How to grow it

LinkedIn is a great place to connect with potential mentors as well as people who might be looking to hire. You can also visit the pages of companies that interest you and find names of people in the department where you’d like to work. But just like blindly sharing your resume won’t guarantee results, you need to do more than send strangers invitations to connect online. Craft a personalized message to each person explaining your goals, why you consider this person a role model, and why you deserve a half-hour of their time.

You’re also going to have to approach people in the real world. Step outside your comfort zone, attend industry functions and meetups, and request informational interviews with people in roles to which you aspire. The worst that can happen is they say “no, thanks” or don’t respond. I’m in my college’s alumni database and have indicated I’m open to hearing from recent grads seeking advice. Your school very likely has a similar network for finding established professionals in your target field.

Continuing education is another avenue for meetings others involved in your industry — both teachers and fellow students. Ask where others have worked, how they found their jobs and whether they’d be willing to make introductions for you. Connect online to see who else they know.

And, while you don’t want to turn every fun activity into a professional networking session, keep your eyes and ears open when you’re socializing too. There might be someone in your book club, church or spin class who knows someone at your dream company. As long as you’re respectful and not overbearing, it can’t hurt to let people know you’re looking for career help.

How to use it

Above all, remember you are asking people to give you something: their time, their advice, their support. You’re asking for a favor, so be gracious, patient and receptive, whether they’re in a position to offer you work or not.

Listen more than you talk. Be curious, open-minded and flexible, rather than having a fixed agenda and set of expectations. If you’ve had a good first meeting but aren’t sure where to go from there, ask if you can continue to check in with them occasionally and seek their guidance when you’re prepping for important interviews. See if they’ll keep you in mind for an internship or even a freelance project.

Walking away from a networking meeting or informational interview without a promise is not a failure. You’re building relationships and your career, not job hunting. This is the beginning of a conversation that could last for years if it holds value for both of you.

via Time : What your cover letter should look like in 2017

Cover letters are a tough and tricky business.

Striking the right balance between formal and conversational—while differentiating yourself from every other job seeker on the market—is no small feat. And the monotony of filling out online applications can make the task downright exhausting.

But make no mistake: a stellar cover letter is still a job search must-have, and it could be key to catching a hiring manager’s attention. 

1. Personalize

Every cover letter you write should be tailored to the job you’re applying for — just like your resume. Study the job posting carefully, and make a quick list of any essential qualifications.
“Job seekers really struggle with what to say on a cover letter,” says Jessica Holbrook Hernandez, President and CEO of Great Resumes Fast. “Taking a second to think about why you’re applying, and why you’re a good fit for the company, makes the process a lot easier.”

If you’re adding a cover letter to an online application, use a business letter format with a header and contact information. If you’re sending an email, it’s OK to leave out the header, but be sure to provide a phone number (and an attached resume, of course). Make sure you’re clear about the position you’re applying for.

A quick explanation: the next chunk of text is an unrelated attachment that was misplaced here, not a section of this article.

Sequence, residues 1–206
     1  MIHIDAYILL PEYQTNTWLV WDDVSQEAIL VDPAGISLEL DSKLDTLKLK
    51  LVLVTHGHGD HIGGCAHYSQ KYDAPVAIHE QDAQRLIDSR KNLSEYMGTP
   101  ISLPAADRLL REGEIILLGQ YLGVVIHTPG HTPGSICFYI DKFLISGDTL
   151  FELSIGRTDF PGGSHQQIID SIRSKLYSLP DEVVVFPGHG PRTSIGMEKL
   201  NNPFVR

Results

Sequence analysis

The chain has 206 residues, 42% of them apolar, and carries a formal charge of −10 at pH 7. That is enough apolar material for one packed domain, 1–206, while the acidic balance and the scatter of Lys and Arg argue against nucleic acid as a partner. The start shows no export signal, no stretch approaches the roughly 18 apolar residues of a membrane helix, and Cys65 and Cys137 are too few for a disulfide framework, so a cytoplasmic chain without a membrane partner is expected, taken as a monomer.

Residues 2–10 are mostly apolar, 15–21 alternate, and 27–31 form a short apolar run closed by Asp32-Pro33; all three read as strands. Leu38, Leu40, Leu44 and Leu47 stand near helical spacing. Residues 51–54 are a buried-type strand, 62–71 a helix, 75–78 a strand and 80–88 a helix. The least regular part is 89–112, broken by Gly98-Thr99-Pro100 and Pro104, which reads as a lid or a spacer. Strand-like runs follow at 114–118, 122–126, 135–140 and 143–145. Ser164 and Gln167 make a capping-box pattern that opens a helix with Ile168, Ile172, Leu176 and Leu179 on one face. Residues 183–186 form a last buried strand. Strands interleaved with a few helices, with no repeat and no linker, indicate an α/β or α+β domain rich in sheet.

Avoid nameless salutations — it might take a little Google research, and some LinkedIn outreach, but finding the actual name of the position’s hiring manager will score you major brownie points. “Do not start a cover letter with, ‘to whom it may concern,’” Holbrook Hernandez says. “It concerns no one.”

2. Tell a Story

To grab a recruiter’s attention, a good narrative—with a killer opening line—is everything.

“The cover letter is a story,” says Satjot Sawhney, a resume and career strategist with Loft Resumes. “What is the most interesting thing you’re doing that’s relevant to this job?” Use that to guide your letter.

Ideally, the story that drives your resume will focus on a need at the company you’re applying for. If you’re a PR professional, maybe you have a list of clients in an industry the team wants to break into. If you’re in marketing, a successful promotional campaign might be the ticket in. “A hiring manager wants to see results-driven accomplishments with a past employer,” says Holbrook Hernandez. “If you’ve done it before, you can deliver it again.”

If you have a career gap or are switching industries, address it upfront. “If there’s anything unique in your career history, call that out in the beginning,” says professional resume writer Brooke Shipbaugh.

3. Use Bullet Points to Show Impact

Hiring managers are usually slammed with applications, so short, quick cover letters are preferable to bloated ones, says Paul Wolfe, Senior Vice President of human resources at job site Indeed.

“Make your cover letter a brief, bright reference tool,” he says. “The easier you can make it on the recruiter the better.”

Bullet points are a good tool for pulling out numbers-driven results. Job seekers in creative fields like art and design can use bullets to break down their most successful project. Those in more traditional roles (like the one in the template), can hammer off two or three of their most impressive accomplishments.

4. Highlight Culture Fit

It’s often overlooked, but a major function of the cover letter is to show a company how well you’d mesh with the culture.

As you research a potential employer, look for culture cues on the company website, social media, and review sites like Glassdoor. Oftentimes, employers will nod to culture in a job posting. If the ad mentions a “team environment,” it might be good to play up a recent, successful collaboration. If the company wants a “self-starter,” consider including an achievement that proves you don’t need to be micromanaged.